Make sure your kids’ eyes are protected from the sun with good quality sunglasses!
Best Sunglasses for UV Radiation Protection
Getting healthy eyes may be as simple as wearing your sunglasses!
The sun’s primary danger is Ultraviolet (UV) radiation. UV radiation is a component of solar radiation, but it can also be given off by artificial sources like welding machines, tanning beds and lasers.
Most people are aware of the harm UV radiation can do to the skin, but many may not realize that exposure to UV radiation can harm the eyes or that other components of solar radiation can also affect vision.
If your eyes are exposed to excessive amounts of UV radiation over a short period of time, you are likely to experience an effect called photokeratitis, which is like “sunburn of the eye”.
Photokeratitis may be painful and include symptoms such as red eyes, a foreign body sensation or gritty feeling in the eyes, extreme sensitivity to light and excessive tearing. Fortunately, this is usually temporary and sometimes permanent damage to the eyes.
Long-term exposure to UV radiation can be more very serious. Scientific studies have shown that exposure to small amounts of UV radiation over a period of many years increases the chance of developing a cataract and may cause damage to the retina, a nerve-rich lining of the eye that is used for seeing.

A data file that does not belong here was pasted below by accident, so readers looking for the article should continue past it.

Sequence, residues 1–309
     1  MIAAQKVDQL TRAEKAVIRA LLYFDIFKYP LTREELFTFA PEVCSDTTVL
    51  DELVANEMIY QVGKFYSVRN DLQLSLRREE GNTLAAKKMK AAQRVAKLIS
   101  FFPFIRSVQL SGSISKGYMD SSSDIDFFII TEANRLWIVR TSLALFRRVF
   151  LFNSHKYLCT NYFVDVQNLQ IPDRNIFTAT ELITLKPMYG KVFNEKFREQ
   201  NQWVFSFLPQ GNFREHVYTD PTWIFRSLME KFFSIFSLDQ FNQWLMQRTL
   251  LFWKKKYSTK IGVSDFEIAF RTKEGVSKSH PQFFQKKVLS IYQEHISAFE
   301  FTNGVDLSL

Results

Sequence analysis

The longer the eyes are exposed to solar radiation, the greater the risk of developing later in life such conditions as cataracts or macular degeneration. Since it is not clear how much exposure to solar radiation will cause damage, the AOA recommends wearing quality sunglasses that offer UV protection and wearing a hat or cap with a wide brim whenever you spend time outdoors. Also, certain contact lenses can provide additional UV protection.
To provide adequate protection for your eyes, sunglasses should:
Block out 99 to 100 percent of both UV-A and UV-B radiation;
Screen out 75 to 90 percent of visible light;
Have lenses that are gray for proper color recognition
The lenses in sunglasses should be made from polycarbonate
Remember to always wear eye protection, to reduce the effects of UV radiation.
Keep an Eye on Your Vision
Healthy Vision Month is a great opportunity to learn about eye health and to make sure you and your family are taking the necessary steps to maintain healthy eyes.
Early detection of eye disease is key in preventing vision loss and blindness. Many people who are at risk for vision loss do not know it, and millions of people living in the United States have undetected vision problems and eye diseases.